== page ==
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Mikhail Shishkin: Взятие Измаила (Taking Izmail)

If you have read either or both of Shishkin’s novels translated into English, the style of this novel will not be too unfamiliar. Shishkin gives us a romp through modern Russia and Russian history, focussing on the unpleasant side but not ignoring the few good things, dipping into the classical world and telling complex stories by various narrators, so that, at times, it is not always clear who is talking to whom. Indeed, the blurb on the back of the French text (which is what I read) says Finally, the author is as lost as we are, knocked out by Russian life .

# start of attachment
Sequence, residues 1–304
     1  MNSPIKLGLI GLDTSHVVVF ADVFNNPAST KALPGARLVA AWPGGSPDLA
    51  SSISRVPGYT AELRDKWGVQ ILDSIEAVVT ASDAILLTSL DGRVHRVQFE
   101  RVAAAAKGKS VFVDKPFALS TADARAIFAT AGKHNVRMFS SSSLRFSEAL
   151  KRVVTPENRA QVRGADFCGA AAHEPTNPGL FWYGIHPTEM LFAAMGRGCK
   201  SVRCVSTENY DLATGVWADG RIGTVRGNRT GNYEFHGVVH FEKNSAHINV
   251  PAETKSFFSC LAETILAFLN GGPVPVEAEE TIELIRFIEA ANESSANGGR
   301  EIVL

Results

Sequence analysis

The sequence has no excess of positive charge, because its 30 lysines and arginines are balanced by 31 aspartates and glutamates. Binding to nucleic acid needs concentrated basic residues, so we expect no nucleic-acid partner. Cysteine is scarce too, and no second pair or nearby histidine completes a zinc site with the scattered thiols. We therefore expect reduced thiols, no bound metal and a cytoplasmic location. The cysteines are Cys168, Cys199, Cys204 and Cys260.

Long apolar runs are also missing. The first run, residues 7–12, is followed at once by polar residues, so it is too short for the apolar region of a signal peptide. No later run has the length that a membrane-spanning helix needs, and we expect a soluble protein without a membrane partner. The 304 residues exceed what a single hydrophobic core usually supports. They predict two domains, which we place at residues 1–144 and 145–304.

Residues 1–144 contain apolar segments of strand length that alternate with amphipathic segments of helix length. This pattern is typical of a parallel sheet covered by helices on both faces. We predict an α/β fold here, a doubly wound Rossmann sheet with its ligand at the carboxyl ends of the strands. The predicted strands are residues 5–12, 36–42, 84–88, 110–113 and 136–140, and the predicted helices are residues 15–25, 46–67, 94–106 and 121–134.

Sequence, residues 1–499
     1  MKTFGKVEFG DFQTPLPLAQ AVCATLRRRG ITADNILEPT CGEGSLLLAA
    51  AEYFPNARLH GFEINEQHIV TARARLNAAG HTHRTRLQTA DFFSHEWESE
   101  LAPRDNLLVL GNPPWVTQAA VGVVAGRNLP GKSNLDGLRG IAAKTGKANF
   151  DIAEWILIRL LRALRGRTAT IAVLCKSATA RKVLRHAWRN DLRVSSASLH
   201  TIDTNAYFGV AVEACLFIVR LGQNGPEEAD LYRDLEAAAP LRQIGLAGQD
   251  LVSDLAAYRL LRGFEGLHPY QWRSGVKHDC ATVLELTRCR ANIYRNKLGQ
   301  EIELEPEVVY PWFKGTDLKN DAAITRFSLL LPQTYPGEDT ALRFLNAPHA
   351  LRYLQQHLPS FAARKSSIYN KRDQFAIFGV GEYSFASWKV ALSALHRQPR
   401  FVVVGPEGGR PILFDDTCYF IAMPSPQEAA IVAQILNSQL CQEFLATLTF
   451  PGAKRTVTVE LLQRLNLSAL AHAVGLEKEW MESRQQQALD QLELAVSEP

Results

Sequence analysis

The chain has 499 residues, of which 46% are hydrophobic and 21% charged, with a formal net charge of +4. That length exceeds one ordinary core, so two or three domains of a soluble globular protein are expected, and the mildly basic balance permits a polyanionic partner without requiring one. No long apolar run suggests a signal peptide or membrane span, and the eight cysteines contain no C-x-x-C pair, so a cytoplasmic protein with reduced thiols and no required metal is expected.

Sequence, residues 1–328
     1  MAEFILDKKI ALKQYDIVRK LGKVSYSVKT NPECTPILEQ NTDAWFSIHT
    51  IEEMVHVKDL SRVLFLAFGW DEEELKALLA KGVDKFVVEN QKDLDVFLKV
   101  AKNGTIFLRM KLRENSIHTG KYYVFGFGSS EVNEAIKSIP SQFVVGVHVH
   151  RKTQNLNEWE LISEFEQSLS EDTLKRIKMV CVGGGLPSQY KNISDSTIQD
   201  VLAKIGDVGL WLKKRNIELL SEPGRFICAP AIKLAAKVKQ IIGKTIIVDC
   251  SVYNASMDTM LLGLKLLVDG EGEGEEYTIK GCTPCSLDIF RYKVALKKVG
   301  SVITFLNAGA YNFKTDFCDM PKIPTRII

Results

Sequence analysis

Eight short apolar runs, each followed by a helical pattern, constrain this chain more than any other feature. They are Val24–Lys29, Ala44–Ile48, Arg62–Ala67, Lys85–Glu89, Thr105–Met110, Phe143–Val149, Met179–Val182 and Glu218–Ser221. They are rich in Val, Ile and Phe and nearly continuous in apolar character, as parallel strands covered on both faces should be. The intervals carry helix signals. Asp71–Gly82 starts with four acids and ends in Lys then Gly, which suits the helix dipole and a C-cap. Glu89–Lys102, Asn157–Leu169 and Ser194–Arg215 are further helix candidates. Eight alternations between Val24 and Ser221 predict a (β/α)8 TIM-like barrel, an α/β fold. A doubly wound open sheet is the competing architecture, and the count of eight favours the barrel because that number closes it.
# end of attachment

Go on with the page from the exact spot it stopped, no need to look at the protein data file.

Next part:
The book starts with the story of a lawyer who travels through the Russian countryside, helping young women who have been accused of killing their babies, though it starts with the lawyer recounting how a famous lawyer got his (female) client off a murder she had confessed to. The lawyer is called, at least initially, Perun, the name of an old Slavic god, and other Slavic mythological creatures come into play. But we are soon jumping to Hyperides, a Greek orator and speech-writer, to whom the unspecified narrator is talking. Indeed, as the narrator says to Hyperides Everything is unstable, unsteady, wavy and it certainly is.